mBio 08/2014; 5(5). DOI:10.1128/mBio.01933-14 · 6.88 Impact Factor
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    ABSTRACT: The family Hepeviridae consists of positive-stranded RNA viruses that infect a wide range of mammalian species, as well as chickens and trout. A subset of these viruses infects humans and can cause a self-limiting acute hepatitis that may become chronic in immunosuppressed individuals. Current published descriptions of the taxonomical divisions within the family Hepeviridae are contradictory in relation to the assignment of species and genotypes. Through analysis of existing sequence information, we propose a taxonomic scheme in which the family is divided into the genera Orthohepevirus (all mammalian and avian hepatitis E virus (HEV) isolates) and Piscihepevirus (cutthroat trout virus). Species within the genus Orthohepevirus are designated Orthohepevirus A (isolates from human, pig, wild boar, deer, mongoose, rabbit and camel), Orthohepevirus B (isolates from chicken), Orthohepevirus C (isolates from rat, greater bandicoot, Asian musk shrew, ferret and mink) and Orthohepevirus D (isolates from bat). Proposals are also made for the designation of genotypes within the human and rat HEVs. This hierarchical system is congruent with hepevirus phylogeny, and the three classification levels (genus, species and genotype) are consistent with, and reflect discontinuities in the ranges of pairwise distances between amino acid sequences. Adoption of this system would include the avoidance of host names in taxonomic identifiers and provide a logical framework for the assignment of novel variants.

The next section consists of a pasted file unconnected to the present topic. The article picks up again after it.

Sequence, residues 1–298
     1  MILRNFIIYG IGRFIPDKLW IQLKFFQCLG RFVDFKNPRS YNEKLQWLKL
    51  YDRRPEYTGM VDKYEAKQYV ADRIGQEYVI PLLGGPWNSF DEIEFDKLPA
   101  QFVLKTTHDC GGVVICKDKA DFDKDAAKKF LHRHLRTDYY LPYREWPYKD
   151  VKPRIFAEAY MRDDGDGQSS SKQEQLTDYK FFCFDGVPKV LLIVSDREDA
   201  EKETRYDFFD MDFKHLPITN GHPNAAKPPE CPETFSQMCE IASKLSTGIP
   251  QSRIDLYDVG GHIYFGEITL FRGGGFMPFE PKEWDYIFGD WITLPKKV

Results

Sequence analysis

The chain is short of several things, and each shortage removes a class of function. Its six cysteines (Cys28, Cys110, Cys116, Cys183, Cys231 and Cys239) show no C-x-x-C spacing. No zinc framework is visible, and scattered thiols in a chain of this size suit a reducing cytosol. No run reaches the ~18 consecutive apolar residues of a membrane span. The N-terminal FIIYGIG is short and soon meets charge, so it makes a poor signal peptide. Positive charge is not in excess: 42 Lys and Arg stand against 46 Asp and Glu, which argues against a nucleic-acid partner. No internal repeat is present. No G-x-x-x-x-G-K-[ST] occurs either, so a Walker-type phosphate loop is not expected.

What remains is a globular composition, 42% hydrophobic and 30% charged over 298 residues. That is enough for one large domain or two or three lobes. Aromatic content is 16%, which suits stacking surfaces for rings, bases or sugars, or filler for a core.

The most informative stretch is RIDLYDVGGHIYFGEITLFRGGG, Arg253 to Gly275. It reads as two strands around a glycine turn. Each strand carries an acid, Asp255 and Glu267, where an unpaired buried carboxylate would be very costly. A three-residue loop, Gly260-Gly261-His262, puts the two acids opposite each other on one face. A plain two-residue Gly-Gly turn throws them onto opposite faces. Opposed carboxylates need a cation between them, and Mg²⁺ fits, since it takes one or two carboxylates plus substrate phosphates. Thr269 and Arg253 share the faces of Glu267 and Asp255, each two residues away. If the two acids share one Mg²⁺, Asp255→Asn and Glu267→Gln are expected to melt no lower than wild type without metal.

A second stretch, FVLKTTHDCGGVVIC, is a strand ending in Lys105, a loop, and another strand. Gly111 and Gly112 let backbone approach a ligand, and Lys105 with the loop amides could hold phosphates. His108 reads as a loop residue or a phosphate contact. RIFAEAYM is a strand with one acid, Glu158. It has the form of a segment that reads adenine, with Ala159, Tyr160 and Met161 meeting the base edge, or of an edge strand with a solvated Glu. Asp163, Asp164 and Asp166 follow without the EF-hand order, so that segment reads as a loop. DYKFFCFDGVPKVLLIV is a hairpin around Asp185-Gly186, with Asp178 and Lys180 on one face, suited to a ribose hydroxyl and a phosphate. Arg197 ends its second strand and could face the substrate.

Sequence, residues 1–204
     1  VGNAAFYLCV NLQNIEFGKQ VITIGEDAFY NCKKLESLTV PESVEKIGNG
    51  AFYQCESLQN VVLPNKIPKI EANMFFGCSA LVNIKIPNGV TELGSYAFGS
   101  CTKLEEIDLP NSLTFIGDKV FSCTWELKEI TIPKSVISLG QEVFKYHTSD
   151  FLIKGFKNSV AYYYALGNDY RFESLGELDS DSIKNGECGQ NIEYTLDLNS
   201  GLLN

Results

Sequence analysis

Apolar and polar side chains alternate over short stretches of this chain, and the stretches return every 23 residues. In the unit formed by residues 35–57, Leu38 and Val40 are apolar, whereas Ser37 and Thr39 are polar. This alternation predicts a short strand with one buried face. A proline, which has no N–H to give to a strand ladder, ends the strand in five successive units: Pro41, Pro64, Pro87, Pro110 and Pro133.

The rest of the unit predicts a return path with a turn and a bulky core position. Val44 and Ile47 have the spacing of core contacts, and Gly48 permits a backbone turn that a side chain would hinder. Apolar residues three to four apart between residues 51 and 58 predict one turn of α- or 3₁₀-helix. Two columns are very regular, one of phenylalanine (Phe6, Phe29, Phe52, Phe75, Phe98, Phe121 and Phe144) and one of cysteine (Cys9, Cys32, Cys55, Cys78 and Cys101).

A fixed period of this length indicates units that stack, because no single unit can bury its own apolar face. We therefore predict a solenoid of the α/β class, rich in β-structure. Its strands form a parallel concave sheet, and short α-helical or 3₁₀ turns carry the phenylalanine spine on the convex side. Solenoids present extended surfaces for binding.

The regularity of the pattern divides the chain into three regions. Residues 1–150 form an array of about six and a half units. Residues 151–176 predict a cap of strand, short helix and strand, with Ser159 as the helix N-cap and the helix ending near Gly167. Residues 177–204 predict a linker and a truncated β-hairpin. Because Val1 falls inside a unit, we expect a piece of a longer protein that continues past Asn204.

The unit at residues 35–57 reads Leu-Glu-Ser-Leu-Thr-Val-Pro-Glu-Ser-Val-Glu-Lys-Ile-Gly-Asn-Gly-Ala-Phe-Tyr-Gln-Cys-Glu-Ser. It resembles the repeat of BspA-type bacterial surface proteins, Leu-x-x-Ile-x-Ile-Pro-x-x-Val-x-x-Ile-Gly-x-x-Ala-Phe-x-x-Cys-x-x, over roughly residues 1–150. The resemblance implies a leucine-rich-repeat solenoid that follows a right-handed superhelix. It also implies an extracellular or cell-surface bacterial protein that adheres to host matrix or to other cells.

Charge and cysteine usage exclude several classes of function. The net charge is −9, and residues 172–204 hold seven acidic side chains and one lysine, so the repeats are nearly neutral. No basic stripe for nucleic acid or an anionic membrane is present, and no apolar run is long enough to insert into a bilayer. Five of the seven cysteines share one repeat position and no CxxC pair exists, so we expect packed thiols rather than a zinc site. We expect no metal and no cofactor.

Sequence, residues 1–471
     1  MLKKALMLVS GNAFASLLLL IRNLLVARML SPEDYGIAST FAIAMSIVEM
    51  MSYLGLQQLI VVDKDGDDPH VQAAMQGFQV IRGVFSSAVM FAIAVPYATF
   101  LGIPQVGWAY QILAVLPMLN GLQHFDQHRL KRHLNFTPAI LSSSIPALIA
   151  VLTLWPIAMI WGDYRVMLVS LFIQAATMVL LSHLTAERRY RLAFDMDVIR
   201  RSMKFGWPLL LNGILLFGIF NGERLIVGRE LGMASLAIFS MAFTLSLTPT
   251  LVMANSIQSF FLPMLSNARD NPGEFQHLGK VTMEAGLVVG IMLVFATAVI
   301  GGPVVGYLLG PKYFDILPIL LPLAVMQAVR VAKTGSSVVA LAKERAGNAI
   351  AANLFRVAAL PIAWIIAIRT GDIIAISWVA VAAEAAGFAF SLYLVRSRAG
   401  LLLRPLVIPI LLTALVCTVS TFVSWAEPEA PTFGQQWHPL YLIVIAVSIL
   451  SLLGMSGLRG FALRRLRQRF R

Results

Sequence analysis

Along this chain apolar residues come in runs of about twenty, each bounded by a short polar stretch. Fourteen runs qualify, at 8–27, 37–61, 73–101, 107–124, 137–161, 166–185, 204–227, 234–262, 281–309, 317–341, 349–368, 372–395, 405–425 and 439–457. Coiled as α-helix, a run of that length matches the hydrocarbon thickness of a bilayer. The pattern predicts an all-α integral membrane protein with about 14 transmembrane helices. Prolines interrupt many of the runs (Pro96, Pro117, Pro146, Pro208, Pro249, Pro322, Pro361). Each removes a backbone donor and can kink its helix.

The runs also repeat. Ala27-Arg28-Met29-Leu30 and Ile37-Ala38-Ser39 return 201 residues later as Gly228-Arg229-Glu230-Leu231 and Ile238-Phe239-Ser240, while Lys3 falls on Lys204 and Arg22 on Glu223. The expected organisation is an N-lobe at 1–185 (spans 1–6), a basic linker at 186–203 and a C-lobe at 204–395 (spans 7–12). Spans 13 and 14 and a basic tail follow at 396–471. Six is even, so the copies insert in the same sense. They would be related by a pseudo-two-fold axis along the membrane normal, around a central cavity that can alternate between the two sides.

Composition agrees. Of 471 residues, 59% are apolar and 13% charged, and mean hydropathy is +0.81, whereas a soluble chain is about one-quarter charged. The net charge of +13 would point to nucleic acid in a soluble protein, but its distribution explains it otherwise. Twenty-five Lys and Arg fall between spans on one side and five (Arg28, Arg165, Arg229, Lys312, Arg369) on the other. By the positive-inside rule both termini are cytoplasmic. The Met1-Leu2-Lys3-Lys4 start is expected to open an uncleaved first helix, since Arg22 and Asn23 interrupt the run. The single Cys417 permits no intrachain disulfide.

Journal of General Virology 07/2014; 95(Pt 10). DOI:10.1099/vir.0.068429-0 · 3.53 Impact Factor
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    ABSTRACT: Objectives Enteroviruses (EV) and human parechoviruses (HPeV) infections are increasingly indentified in neonates and young children with sepsis, meningitis and encephalitis. We investigated EV and HPeV viral loads in plasma and cerebrospinal fluid (CSF) among those presenting with sepsis or central nervous system (CNS) disease to gain understanding of the nature of these infections. Methods Detections frequencies and viral loads of EV and HPeV RNA were compared in plasma and CSF obtained from infected children originally identified on sepsis or CNS screening. Results Two distinct infection profiles were identified; 11 subjects with CNS disease, showed higher or similar viral loads in CSF than in plasma (median plasma:CSF ratio 0.5), whereas 14 children with sepsis showed low or undetectable viral loads in CSF and high viral loads in plasma (mean ratio 5,700). HPeV type 3 and one EV serotype (coxsackievirus B2) were primarily associated with the latter presentation. Conclusions Simple detection of EV or HPeV RNA in CSF is not predictive of CNS disease, especially in the absence of clinical markers (i.e. pleocytosis). Screening of plasma can identify EV and HPeV RNA in a substantial proportion of sepsis cases, some of which will be missed if CSF samples alone are screened.
    The Journal of infection 07/2014; 69(1). DOI:10.1016/j.jinf.2014.02.017 · 4.02 Impact Factor
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    Donald B Smith, Peter Simmonds